BACKGROUND: Lifestyle factors were associated with an increased risk of cardiovascular disease (CVD) occurrence. We explored the associations between lifestyle factors and CVD risk factors, and assessed the interactive effects of lifestyle factors on CVD risk factors. METHODS: A cross-sectional data of 114,082 (57,680 men and 56,402 women) middle-aged adults and elderly in Taiwan were collected from 2001 to 2010. Logistic regression analysis was used to assess the associations between lifestyle factors and CVD risk factors. The relative excess risk due to interaction (RERI) and the attributable proportion due to interaction were used to explore the interactive effect of lifestyle factors on CVD risk factors. RESULTS: The interaction between alcohol consumption and smoking exhibited an excess risk of high triglycerides (RERI = 0.21; 95% CI: 0.14-0.29), and that of alcohol consumption and physical activity had an excess risk of high LDL-cholesterol (RERI = 0.11; 95% CI: 0.06-0.16) and high blood glucose (RERI = 0.05; 95% CI: 0.01-0.11). Alcohol consumption and vegetable-rich diet (intake of high vegetables with no or low meat) had an excess risk of high LDL-cholesterol and low HDL-cholesterol, but a reduced risk of high triglycerides (RERI = - 0.10; 95% CI: - 0.17 - -0.04). Smoking and physical activity had an increased risk of high blood glucose and a reduced risk of low HDL-cholesterol. Smoking and vegetable-rich diet reduced the risk of high triglycerides (RERI = - 0.11; 95% CI: - 0.18 - - 0.04), high blood glucose (RERI = - 0.14; 95% CI: - 0.21 - - 0.07) and low HDL-cholesterol (RERI = - 0.10; 95% CI: - 0.19 - -0.01). CONCLUSIONS: The interaction between smoking, alcohol consumption, physical activity and diet were associated with lipid profile and blood glucose, hence there was an interaction between these lifestyle factors in an additive scale. Public health promotion should therefore consider multifaceted promotional activities that are likely to make a positive impact on the health status of the Taiwanese population.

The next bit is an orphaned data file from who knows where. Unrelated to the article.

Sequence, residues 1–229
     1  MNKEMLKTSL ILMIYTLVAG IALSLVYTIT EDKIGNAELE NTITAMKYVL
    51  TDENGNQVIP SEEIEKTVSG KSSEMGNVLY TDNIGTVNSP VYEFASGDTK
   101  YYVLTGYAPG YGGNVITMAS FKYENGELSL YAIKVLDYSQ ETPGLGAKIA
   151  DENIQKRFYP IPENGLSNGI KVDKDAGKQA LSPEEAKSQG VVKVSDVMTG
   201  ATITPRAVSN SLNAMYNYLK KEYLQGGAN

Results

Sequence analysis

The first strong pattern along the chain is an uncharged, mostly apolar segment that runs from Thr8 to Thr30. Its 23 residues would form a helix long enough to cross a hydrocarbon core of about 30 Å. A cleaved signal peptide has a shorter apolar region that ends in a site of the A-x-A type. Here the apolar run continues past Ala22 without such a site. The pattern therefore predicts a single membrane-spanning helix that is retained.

ASJC Scopus subject areas
- Public Health, Environmental and Occupational Health